Summary: Riches untold - so often unknown

KB 23-12-07

THE TIN – Riches untold

Story: In the late nineteenth Century in South Africa, an old man was digging for gold in a river bed.

He had been at it for many years.

Every now and then he found a little bit of gold, not enough to make him rich – but just enough to maintain his interest.

The part of river in which he was prospecting was quite new to him - and there were more signs than usual of the presence of gold.

He was quite excited - gripped by the gold fever, but, once again he found little of substance.

As his dig neared its end, he found himself

exhausted and discouraged.

He was just about to go home one evening when he saw some pebbles.

He liked the look of them, so he slipped them into his pocket.

There were about a dozen of them.

At home he got out a tin and put the pebbles into it.

The tin was special – for it was filled with very personal items,

letters from his son,

a photo of his wife who had died some years before,

the collar from his old dog who had died 18 months earlier.

He put the tin back on the shelf in a cupboard and forgot about the pebbles he had found

Another ten years went by and he still hadn’t made that gold strike that he had so longed for.

By now he was very old, and ill, with no ready money to pay for a doctor - he died.

A few days later the police came to his house.

They looked through his belongings to see if there was anything they could sell -to pay for his funeral, but they found nothing of any value.

Even his house was just an old wooden shack falling to pieces.

And then they found THE TIN.

As one of the officers looked through it, he gasped with surprise.

"Look at this" he said to his partner.

He was pointing to the pebbles the old man had placed in that tin 10 years earlier.

"They`re uncut diamonds!", he said, "They`re worth a fortune"!

The old man had INDEED been very rich, but had died thinking that he was very poor.

Why – because he hadn’t taken any notice of what he thought were just ordinary pebbles.

He`d spent the whole of his life searching for riches, but had missed the FACT that he was already rich - because those pebbles could have been the answer to his longings.

Many folk around us do the same.

They work hard to earn enough money to live comfortably and think they are rich.

But when it comes to death – we return to dust from which we have come as the Burial Service reminds us.

They die poor – because they don’t recognise the riches that they have.

They are looking for “fool’s gold” when they simply need to pick up the “uncut diamonds” that God is offering them.

So what are these “uncut diamonds” that so many of our countrymen miss?

I think they are tied up with the meaning of Advent.

In Advent we REMEMBER the Incarnation – that is God becoming a man.

Advent reminds us that Jesus was (and still is) a historical person.

History tells us that :

Jesus, the son of God left his place of majesty and power to come to this earth 2000 years ago

He was born in Bethlehem and he lived life on this earth until he was about 33 years of age.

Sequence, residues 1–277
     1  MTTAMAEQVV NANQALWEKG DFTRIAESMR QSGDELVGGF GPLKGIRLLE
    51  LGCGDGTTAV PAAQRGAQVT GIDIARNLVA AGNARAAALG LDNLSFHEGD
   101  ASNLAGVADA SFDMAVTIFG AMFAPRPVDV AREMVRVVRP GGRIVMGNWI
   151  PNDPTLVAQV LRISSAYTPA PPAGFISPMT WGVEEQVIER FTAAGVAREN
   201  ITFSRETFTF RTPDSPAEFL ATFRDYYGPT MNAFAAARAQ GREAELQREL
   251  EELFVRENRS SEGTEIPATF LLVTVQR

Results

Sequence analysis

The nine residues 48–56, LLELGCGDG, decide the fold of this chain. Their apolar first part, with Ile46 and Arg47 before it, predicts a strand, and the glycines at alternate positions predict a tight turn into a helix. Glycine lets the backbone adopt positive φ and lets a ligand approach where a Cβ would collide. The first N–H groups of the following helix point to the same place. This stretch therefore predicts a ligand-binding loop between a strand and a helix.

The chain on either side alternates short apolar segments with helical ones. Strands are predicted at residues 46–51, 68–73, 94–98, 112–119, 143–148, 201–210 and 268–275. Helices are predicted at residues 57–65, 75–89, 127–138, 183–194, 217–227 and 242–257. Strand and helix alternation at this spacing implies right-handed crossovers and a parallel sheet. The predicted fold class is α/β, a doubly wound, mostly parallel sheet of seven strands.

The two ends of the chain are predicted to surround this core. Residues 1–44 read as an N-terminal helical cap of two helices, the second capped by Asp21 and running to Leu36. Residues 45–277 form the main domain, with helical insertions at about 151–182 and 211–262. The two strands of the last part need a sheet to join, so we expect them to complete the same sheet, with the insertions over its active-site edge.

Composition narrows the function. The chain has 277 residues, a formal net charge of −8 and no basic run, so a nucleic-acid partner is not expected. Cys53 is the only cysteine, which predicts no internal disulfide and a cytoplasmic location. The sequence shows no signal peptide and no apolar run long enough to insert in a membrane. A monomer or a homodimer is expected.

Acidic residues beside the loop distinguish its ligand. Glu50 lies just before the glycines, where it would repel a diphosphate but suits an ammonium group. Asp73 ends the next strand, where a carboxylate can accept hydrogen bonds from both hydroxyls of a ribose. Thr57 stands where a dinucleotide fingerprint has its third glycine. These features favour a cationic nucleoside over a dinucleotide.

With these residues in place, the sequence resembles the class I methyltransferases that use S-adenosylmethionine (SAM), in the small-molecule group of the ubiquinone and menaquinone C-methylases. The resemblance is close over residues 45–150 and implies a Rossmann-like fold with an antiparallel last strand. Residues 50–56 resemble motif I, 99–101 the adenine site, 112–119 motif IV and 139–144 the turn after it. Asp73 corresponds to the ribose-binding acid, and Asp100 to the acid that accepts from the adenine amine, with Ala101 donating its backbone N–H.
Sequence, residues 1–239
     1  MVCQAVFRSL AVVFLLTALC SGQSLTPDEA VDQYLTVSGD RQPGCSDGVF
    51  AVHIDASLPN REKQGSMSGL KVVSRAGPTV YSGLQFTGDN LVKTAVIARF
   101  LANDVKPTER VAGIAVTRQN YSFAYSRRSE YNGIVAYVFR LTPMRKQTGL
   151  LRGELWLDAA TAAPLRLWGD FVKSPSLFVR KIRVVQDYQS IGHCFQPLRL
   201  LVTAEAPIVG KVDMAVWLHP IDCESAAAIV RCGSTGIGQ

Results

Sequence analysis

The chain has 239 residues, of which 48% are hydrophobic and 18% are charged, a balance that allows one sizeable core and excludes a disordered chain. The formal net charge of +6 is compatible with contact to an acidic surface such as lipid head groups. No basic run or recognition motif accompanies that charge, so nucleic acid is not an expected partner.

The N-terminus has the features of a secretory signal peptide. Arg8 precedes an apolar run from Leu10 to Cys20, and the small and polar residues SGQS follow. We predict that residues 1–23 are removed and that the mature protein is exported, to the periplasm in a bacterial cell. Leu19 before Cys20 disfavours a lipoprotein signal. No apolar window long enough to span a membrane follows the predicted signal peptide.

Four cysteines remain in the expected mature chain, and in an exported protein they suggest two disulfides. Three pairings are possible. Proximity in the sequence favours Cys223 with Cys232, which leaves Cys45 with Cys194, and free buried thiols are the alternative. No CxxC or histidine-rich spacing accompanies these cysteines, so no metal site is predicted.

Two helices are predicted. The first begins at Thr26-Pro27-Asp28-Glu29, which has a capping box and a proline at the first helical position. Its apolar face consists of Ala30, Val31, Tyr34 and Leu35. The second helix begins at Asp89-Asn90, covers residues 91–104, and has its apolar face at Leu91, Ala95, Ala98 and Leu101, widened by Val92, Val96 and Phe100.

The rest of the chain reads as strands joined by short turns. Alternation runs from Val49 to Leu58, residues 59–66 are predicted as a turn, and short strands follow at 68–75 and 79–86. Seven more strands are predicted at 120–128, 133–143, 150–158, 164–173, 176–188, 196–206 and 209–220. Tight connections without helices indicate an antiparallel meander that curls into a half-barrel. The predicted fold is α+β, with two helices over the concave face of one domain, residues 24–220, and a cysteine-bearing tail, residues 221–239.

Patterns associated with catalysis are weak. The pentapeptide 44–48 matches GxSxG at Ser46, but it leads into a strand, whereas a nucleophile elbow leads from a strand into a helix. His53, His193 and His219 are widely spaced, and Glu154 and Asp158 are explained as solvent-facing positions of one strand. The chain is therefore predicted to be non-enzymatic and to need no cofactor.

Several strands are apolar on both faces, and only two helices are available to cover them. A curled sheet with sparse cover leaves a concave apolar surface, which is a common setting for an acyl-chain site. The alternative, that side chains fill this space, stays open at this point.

And then He died on a Roman Cross

In Advent we also LOOK FORWARD to Jesus’ coming again in glory – as our last reading

reminds us.

Advent reminds us that Jesus not only died - but He rose again, as the four Gospels and the Book of Acts records.

And following his Ascension HE is seated with God the Father in a position of majesty and power once again

And Jesus offers HIS DISCIPES the ability to partake in all that.

In John 15 Jesus said: “In my Father’s house there are many mansions… I go to prepare a place for you” Jn 14:2 (new KJV)

BUT we cannot enter the Father’s house with the filth and dirt of our sin. Jesus therefore died on a Cross to cleanse us from our sin.

It is what John Stott refers to as the “Holy Love of God”

Like the prospector’s “uncut diamonds”, we have access to these wonderful riches – but the cost is the CALL to FOLLOW HIM.

To be his disciples – with all that entails.

So I would like to leave you with a thought:

The real focus of our Advent has nothing to do with the number of shopping days to Christmas

It is not an opportunity to go an a shopping spree and to commit what some have called

"willful economic first-degree murder

to our bank accounts, with malice of forethought".

All the advertising around us encourages us to be caught up in a consumer Christmas

The danger is that, as the Gold prospector, we fail to recognize the REAL riches that we have at Christmas?.

Instead, let us focus on the real meaning of Advent

As we light the first Advent candle let us

reflect on the better world, that Jesus’ birth heralded

Advent invites us, as one commentator elegantly put it

“to fill the cup of today with a full measure of tomorrow. “

Britain is a deeply “spiritually inquisitive” nation.

How else can we account for the avid addiction to with the supernatural and horoscopes in the national press and on television.

Story: When I was a member of the Anglican Chaplaincy Team in the Wolds Prison, I found that lots of prisoners would pour over the Bible – fascinated by the prophecies of Revelation.

But few of them would go further and commit their lives to Christ.

Jesus wants us however to focus on living the Christian life today, not just dreaming of the future.

He wanted us to be secure in the knowledge that He came to offer us ETERNAL riches untold – to be with him in His Father’s house FOREVER.

Advent isn’t just a time for ‘star gazing’.

It is a time for action and resolution.

Story: Martin Luther is reputed to have said that even if he knew Christ was going to return tomorrow, he would still plant an apple tree.

(I do not know the original source of the Tin but would be happy to acknowlege if you know and e-mail me)